• Other IRMs include biological molecules such as aminoalkyl glucosaminide phosphates (AGPs) and are described, for example, in U.S. Pat. Nos. 6,113,918; 6,303,347; 6,525,028; and 6,649,172. [0036]
  • Certain IRM compounds can function as Toll-like receptor (TLR) agonists, i.e., their immunomodulating influence is exerted through a TLR-mediated cellular pathway. For example, some small molecule IRMs have been identified as agonists of one or more members of the TLR receptor family, TLR2, TLR4, TLR6, TLR7, and TLR8; certain AGPs have been identified as agonists of TLR4; and, some CpGs have been identified as an agonist of TLR9. In many cases, activating a TLR-mediated pathway results in gene transcription, cytokine or co-stimulatory marker expression by activating NF-κB regardless of the particular TLR that is activated. [0037]
  • In certain embodiments of the present invention, the IRM is an agonist of at least one TLR. In particular embodiments, the IRM compound can be an agonist of TLR7, TLR8, and/or TLR9. In alternative embodiments, the IRM compound is an agonist of TLR4. In certain specific embodiments, the IRM is an agonist of TLR7 or an agonist of both TLR7 and TLR8. The IRM may induce the production of one or more cytokines, including but not limited to, Type I interferons, TNF-α, and IL-10. See, for example, Gibson et al., [0038] Cell Immunol. 218(1-2):74-86 (2002). The IRM may effect the maturation, activation, and/or migration of cells of the myeloid lineage, including, but not limited to, macrophages, dendritic cells, and Langerhans cells.
  • Suitable IRM compounds include, but are not limited to, the small molecule IRM compounds described above having a 2-aminopyridine fused to a five membered nitrogen-containing heterocyclic ring. Such compounds include, for example, imidazoquinoline amines including but not limited to amide substituted imidazoquinoline amines, sulfonamide substituted imidazoquinoline amines, urea substituted imidazoquinoline amines, aryl ether substituted imidazoquinoline amines, heterocyclic ether substituted imidazoquinoline amines, amido ether substituted imidazoquinoline amines, sulfonamido ether substituted imidazoquinoline amines, urea substituted imidazoquinoline ethers, thioether substituted imidazoquinoline amines, and 6-, 7-, 8-, or 9-aryl or heteroaryl substituted imidazoquinoline amines; tetrahydroimidazoquinoline amines including but not limited to amide substituted tetrahydroimidazoquinoline amines, sulfonamide substituted tetrahydroimidazoquinoline amines, urea substituted tetrahydroimidazoquinoline amines, aryl ether substituted tetrahydroimidazoquinoline amines, heterocyclic ether substituted tetrahydroimidazoquinoline amines, amido ether substituted tetrahydroimidazoquinoline amines, sulfonamido ether substituted tetrahydroimidazoquinoline amines, urea substituted tetrahydroimidazoquinoline ethers, and thioether substituted tetrahydroimidazoquinoline amines; imidazopyridine amines including but not limited to amide substituted imidazopyridine amines, sulfonamido substituted imidazopyridine amines, urea substituted imidazopyridine amines, aryl ether substituted imidazopyridine amines, heterocyclic ether substituted imidazopyridine amines, amido ether substituted imidazopyridine amines, sulfonamido ether substituted imidazopyridine amines, urea substituted imidazopyridine ethers, and thioether substituted imidazopyridine amines; 1,2-bridged imidazoquinoline amines; 6,7-fused cycloalkylimidazopyridine amines; imidazonaphthyridine amines; tetrahydroimidazonaphthyridine amines; oxazoloquinoline amines; thiazoloquinoline amines; oxazolopyridine amines; thiazolopyridine amines; oxazolonaphthyridine amines; thiazolonaphthyridine amines; and 1H-imidazo dimers fused to pyridine amines, quinoline amines, tetrahydroquinoline amines, naphthyridine amines, or tetrahydronaphthyridine amines. Various combinations of IRMs can be used if desired. [0039]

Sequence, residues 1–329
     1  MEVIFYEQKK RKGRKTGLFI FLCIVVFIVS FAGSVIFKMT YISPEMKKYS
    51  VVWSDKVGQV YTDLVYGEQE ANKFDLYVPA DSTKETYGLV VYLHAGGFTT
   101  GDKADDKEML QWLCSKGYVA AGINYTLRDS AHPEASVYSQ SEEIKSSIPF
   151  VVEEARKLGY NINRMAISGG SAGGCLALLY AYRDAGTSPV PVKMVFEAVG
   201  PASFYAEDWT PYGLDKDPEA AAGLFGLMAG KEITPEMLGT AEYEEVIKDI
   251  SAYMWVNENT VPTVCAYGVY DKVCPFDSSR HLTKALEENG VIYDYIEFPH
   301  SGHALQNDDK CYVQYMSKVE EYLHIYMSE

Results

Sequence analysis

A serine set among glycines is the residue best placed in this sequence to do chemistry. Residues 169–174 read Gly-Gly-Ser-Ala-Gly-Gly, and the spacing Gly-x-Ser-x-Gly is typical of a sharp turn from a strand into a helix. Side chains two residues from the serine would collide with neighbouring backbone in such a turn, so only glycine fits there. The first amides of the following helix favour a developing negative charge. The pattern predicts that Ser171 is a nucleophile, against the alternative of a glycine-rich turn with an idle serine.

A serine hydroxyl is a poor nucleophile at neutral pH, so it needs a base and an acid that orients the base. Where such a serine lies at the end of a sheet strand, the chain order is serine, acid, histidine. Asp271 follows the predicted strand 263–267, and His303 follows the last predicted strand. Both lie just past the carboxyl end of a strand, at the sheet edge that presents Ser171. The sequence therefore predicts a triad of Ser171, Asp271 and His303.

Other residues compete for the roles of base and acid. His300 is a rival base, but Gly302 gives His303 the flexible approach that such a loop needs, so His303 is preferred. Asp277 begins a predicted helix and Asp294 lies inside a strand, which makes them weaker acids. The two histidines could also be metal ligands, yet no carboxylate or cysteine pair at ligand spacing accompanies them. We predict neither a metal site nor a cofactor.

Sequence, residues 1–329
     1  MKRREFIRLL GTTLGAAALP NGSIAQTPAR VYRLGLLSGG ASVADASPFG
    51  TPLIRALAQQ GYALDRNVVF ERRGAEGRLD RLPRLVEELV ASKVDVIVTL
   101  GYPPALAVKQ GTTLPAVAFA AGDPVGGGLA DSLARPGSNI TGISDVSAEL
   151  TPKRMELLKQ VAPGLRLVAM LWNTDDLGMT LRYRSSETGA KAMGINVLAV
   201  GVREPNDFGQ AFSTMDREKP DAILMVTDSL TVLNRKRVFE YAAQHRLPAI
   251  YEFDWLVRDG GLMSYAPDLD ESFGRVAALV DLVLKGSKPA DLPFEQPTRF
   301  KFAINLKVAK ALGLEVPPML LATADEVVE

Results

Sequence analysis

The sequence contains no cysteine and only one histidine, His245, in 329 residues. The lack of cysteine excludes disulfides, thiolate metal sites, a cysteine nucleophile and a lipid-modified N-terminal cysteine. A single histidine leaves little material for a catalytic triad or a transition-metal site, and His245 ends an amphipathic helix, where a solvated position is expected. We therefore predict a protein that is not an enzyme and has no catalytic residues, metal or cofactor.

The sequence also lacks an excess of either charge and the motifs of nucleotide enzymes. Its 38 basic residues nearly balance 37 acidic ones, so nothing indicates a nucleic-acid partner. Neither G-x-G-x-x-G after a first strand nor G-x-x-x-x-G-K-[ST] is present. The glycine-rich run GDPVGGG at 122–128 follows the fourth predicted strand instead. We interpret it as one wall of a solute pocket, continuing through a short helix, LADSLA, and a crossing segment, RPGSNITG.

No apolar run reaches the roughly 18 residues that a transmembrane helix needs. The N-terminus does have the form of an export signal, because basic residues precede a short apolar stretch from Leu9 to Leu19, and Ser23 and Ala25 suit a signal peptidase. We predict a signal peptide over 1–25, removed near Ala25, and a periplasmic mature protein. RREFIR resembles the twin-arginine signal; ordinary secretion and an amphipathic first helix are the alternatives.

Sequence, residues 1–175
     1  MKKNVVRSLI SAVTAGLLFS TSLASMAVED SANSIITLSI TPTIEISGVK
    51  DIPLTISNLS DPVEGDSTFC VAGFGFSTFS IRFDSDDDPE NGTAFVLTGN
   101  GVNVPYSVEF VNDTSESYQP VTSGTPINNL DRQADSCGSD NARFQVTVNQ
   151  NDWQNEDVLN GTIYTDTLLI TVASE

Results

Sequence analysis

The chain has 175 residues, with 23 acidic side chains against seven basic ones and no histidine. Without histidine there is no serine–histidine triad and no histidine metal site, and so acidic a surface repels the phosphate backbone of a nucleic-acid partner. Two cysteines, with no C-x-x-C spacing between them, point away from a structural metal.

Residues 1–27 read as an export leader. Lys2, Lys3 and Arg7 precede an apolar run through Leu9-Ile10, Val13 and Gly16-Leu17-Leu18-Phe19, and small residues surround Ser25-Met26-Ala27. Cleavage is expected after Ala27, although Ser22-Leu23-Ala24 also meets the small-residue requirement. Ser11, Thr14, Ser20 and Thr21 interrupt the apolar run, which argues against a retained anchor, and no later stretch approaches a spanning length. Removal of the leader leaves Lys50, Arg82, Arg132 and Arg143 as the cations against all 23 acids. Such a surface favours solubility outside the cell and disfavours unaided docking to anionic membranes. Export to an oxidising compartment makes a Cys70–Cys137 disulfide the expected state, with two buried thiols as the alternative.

• In some embodiments, the IRM compound is an imidazoquinoline amine such as, for example, 1-(2-methylpropyl)-1H-imidazo[4,5-c]quinolin-4-amine or 4-amino-α, α-dimethyl-2-ethoxymethyl-1H-imidazo[4,5-c]quinolin-1-ethanol. In one particular embodiment, the IRM compound is 1-(2-methylpropyl)-1H-imidazo[4,5-c]quinolin-4-amine. [0040]